1. Posted by hummingbird500 (Budding Member 39 posts) 1w Star this if you like it!

Hello fellow travellers!

I have been in Uruguay for a while now and even though I love it here, I think it will be time for me to move on soon... I am planning a trip to Santiago, Chile and maybe some other towns in April. Is this a good time to go? What are some other places in Chile that I should visit? I love hiking but don’t have any real gear. I also love museums and cultural activities.... if anyone has any recommendations for Chile in April let me know!

Otherwise, I am trying to decide where I will go next. Maybe I will fall in love with Chile and decide to stay there..... Or I am thinking of going to Mexico later in the year, Mexico City is wonderful..... My friend Johnny is in Mexico City and i really must see him. I think he can give me very good advice on what i should do in the future and I miss him very much. I would like to visit there for a while and maybe try out some other areas in Mexico. Any recommendations for places in Mexcio to go?

Any advice will be much appreciated!

The adventure Continues!

Hummingbird

2. Posted by berner256 (Moderator 1126 posts) 1w Star this if you like it!

Suggest making your way from Uruguay to Argentina to as far south as Patagonia, crossing over into Chile. But you'd better do it sooner rather than later as seasonal changes make it more difficult to travel in the region. Some businesses that cater to tourists, such as restaurants, begin to close for the season in March and April; and some bus companies reduce their schedules.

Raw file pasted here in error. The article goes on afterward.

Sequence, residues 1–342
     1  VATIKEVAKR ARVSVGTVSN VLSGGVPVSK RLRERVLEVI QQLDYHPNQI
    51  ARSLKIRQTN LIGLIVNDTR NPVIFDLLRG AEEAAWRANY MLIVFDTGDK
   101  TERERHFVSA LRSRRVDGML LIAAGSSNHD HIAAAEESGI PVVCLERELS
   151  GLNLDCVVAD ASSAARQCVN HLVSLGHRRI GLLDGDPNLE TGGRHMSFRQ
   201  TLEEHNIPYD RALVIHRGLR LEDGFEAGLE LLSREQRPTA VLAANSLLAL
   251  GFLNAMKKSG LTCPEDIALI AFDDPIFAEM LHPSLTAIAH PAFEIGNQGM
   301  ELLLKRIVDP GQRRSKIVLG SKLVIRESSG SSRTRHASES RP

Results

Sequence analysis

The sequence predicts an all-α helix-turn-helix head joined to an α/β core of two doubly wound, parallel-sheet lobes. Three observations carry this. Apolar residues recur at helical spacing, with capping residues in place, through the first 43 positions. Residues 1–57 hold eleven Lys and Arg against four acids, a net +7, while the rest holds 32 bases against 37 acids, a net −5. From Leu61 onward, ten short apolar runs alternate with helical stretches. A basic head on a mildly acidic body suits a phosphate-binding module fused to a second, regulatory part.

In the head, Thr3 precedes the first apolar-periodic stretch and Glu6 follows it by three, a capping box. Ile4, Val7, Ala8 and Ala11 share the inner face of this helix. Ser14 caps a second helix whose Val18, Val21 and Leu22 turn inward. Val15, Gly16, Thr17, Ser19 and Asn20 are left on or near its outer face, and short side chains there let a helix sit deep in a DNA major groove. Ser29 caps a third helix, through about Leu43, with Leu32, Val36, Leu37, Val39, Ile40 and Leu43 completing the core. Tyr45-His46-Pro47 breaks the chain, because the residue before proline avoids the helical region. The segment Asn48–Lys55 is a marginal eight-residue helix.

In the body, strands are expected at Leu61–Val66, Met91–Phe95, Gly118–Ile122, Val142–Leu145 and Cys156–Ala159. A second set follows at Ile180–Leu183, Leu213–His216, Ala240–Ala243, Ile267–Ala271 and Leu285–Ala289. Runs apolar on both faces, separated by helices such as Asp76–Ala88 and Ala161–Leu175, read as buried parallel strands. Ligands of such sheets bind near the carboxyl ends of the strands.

You won't need much hiking gear if you plan to do only day hikes. Otherwise, there is no difficulty in finding what you might need once you get there. For example, you can rent trekking poles in El Chalten.

Flights from Punta Arenas (PUQ) to Santiago (SCL) are reasonable on Sky Airline and on certain LAN Chile flights. Sky is a low-cost carrier; and fares, including promotional ones, can be bought online. I've flown both.

Others can suggest destinations besides Patagonia. But since you're already in South America it would be a shame to miss one of the world's most beautiful and spectacular regions.

3. Posted by Nathanlegg (Budding Member 4 posts) 1w Star this if you like it!

For Chile, I highly recommend two towns: El Pucon and Puerto Villarica.

El Pucon is a beautiful town that resides right next to a volcano which you can hike up, look inside the crater and all that, and then you get to toboggan down it. Sooooo much fun! I don't know what sort of accommodation you're looking for, but I worked at a hostel called El Refugio which is brilliant! Lovely ownership, great atmosphere and located right opposite the bus stop, so you won't have to carry your bags very far which is a bonus.

Puerto Villarica is another beautiful town. I recommend visiting here because it's simply a very colourful town with tonnes of great art work/murals all over the place. It's located right on the coast too, so you can get some lovely sights of the ocean.

As for Mexico, yes Mexico City is great! Highly recommend staying there for a bit. But if you're wanting to get away from the cities, live a bit of a beach life...and maybe you like to surf? I would make a stop in Puerto Escondido.

4. Posted by road to roam (Full Member 47 posts) 1w Star this if you like it!

Quoting hummingbird500

Any recommendations for places in Mexcio to go?